The conditions of the assassins and those living in Guatemala make up more of the story of Sicarios than just the killings. Many images are violent and disturbing because often the victims have committed a minor injustice, if any at all, and the assassins are often young men who see no future, men for whom killing becomes a job motivated by simply a need to make a living, often a meager one at that. This book Sicarios is a vehicle for Javier Arcenillas, with the help of his friends at El Periodico de Guatemala, to tell a very real story. Included is an introduction by the director of El Periodico, Juan Luis Font, and an interview with Arcenilla, and complete plate listing with detailed captions. This book was the first FotoEvidence book award winner. 
A Living Man Declared Dead & Other Chapters.

Another big book of 2011 showing Taryn Simon's obsessive need to catalogue, document and categorize. Unlike other books that are comparable in size—James Nactwey's Inferno which was reminiscent of an ancient Bible or John Gossage's Berlin in the Time of the Wall which felt much like a slab of the deconstructed Berlin Wall—Simon's monolithic tome is more of an attempt at a themed census of the human population. The design (size) is perfectly suited to the subject matter and Simon's strong images are a varied mix of portraits, environmental portraits sans humans, and related supporting materials.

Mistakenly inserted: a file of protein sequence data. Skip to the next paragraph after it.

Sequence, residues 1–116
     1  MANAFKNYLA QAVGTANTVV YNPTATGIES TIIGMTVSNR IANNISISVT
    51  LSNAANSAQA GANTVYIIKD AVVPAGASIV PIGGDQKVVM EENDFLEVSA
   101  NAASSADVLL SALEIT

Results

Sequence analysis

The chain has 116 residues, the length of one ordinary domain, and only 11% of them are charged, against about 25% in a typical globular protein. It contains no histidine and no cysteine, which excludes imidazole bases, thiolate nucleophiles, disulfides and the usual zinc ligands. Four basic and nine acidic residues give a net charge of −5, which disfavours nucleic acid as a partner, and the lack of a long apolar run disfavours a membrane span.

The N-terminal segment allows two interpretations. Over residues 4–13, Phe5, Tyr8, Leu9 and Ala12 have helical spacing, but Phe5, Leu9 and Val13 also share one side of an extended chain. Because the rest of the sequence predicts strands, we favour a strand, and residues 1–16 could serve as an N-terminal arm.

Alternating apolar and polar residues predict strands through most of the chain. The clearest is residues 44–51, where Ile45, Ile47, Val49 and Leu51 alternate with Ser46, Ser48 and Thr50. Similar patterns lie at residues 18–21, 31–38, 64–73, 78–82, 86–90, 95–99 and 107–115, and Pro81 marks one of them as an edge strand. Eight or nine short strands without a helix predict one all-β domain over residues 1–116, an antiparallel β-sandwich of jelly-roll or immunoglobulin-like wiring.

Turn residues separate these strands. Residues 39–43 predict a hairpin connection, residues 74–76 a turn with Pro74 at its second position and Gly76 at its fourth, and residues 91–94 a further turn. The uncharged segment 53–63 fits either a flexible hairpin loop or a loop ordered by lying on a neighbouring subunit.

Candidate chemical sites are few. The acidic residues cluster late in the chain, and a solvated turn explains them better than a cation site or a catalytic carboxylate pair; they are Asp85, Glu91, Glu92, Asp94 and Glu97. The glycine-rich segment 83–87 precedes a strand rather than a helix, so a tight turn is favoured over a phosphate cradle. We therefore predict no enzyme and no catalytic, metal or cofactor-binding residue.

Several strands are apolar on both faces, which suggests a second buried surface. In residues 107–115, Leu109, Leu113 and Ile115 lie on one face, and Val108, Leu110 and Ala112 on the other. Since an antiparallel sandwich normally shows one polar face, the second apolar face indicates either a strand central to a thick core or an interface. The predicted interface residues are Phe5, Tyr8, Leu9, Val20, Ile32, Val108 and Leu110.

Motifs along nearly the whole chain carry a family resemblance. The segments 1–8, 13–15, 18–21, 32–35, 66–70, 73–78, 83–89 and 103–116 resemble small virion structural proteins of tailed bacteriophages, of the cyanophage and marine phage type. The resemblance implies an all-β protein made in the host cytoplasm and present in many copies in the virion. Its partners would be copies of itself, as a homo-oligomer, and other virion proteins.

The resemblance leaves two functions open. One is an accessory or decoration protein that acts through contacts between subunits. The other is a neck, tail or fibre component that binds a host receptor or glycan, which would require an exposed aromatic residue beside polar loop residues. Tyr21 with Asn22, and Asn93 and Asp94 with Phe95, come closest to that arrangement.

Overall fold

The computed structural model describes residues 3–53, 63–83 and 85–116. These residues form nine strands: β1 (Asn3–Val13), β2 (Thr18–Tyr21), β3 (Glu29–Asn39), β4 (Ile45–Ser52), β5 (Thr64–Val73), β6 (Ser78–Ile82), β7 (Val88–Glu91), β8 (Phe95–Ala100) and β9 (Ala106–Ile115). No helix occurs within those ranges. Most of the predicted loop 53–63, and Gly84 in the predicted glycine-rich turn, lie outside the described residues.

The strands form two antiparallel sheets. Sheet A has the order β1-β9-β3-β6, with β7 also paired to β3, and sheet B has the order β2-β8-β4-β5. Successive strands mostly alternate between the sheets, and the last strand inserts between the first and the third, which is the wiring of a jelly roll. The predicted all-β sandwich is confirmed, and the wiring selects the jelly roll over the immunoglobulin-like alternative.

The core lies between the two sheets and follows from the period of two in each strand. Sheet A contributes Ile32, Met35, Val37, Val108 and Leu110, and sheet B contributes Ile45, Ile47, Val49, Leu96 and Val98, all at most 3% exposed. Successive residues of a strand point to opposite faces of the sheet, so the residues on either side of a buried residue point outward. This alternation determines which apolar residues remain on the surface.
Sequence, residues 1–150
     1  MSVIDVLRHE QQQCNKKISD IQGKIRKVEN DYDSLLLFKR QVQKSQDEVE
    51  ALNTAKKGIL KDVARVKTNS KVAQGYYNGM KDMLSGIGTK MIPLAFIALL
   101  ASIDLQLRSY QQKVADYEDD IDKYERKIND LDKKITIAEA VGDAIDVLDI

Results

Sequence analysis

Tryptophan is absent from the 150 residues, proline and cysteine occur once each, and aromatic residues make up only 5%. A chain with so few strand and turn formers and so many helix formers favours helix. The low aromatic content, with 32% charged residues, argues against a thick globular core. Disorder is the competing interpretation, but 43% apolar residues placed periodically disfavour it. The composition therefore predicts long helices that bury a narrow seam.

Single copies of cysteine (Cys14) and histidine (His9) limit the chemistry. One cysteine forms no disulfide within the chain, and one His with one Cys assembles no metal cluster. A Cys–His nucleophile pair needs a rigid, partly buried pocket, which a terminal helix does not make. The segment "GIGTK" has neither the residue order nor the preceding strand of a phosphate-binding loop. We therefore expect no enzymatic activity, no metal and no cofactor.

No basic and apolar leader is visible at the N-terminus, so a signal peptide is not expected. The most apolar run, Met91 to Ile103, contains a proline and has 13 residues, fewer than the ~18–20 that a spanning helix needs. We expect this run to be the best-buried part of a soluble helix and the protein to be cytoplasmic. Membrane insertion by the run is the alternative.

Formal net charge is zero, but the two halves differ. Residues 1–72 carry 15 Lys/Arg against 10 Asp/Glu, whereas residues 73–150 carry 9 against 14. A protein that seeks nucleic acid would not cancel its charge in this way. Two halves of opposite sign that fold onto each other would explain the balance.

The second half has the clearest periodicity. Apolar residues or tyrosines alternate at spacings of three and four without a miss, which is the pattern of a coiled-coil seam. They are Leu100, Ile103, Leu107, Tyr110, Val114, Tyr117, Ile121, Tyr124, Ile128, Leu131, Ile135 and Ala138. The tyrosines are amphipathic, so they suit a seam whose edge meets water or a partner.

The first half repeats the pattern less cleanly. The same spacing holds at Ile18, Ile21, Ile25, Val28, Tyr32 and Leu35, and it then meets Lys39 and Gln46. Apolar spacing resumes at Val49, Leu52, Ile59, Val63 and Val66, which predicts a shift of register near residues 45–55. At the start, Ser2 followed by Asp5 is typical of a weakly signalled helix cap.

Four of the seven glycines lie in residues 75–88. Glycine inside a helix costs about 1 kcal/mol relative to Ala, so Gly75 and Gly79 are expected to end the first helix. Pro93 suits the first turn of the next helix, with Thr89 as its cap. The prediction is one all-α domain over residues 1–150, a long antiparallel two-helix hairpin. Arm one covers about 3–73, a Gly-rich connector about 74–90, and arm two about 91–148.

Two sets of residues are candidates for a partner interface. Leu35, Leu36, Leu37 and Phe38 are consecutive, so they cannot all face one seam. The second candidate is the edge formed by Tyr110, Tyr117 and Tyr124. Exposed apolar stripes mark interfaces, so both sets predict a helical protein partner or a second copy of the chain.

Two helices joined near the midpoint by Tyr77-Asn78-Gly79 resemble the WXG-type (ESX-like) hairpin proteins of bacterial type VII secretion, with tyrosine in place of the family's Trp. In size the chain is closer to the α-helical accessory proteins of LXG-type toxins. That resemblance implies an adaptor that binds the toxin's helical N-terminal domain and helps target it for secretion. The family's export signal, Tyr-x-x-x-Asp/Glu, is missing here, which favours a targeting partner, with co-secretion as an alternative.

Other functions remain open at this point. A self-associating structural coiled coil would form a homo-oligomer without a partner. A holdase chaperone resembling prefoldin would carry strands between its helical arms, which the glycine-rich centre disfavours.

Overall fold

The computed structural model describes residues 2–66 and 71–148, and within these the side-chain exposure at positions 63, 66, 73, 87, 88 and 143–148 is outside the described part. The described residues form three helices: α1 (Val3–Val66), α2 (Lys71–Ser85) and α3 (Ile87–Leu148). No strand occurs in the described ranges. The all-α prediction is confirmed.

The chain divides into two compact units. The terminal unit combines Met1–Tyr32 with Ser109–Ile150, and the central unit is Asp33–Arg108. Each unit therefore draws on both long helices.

One to Nothing.

A friend of mine told me a story about traveling across Europe and running out of money in Spain. He was with another young man in his early 20s, and they decided that they would take up wrestling on the beach in their underwear to make money for the rest of the journey. The plan seemed to have worked as he told me this many years later in Santa Fe. So, One to Nothing had me at the cover. Upon opening the book, I found that the big square images laid side-by-side made for a wonderful journey through Israel using diptychs as my guide and many of the singular images are brilliantly conceived: I really love the "headless camel." 
The Half-Life of History.

Mark Klett's newest book, like his previous publication Saguaros, is designed and printed with the Santa Fe-base publisher Radius Books. It is housed in a wrap around hardcover binding and also tops my list as one of the best designed books of the year. It successfully incorporates historical pieces with Klett's color and black-and-white images to create a look back at some of the locations relating to the first atomic blast inflicted on a human population. It finishes with a personal story of how writer William L. Fox and Klett experienced and documented the current Wendover Air Force Base, which housed the bomber that carried "Little Boy," the bomb dropped on Hiroshima on August 6, 1945. 
Redheaded Peckerwood.

Redheaded Peckerwood is Christian Patterson's revisiting of the brief period of activity of an infamous criminal couple. Patterson looks back at many of the locations associated with the murders that caused 19-year-old Charles Starkweather and 14-year-old Caril Ann Fugate to go on the lam in the end of 1957 and shortly into 1958. The essays by Luc Sante and Karen Irvine included in this book are reproduced in a typewriter text pamphlet inserted in the back cover and contextualize the two teenagers in time. It is an understated book for such a sensational topic.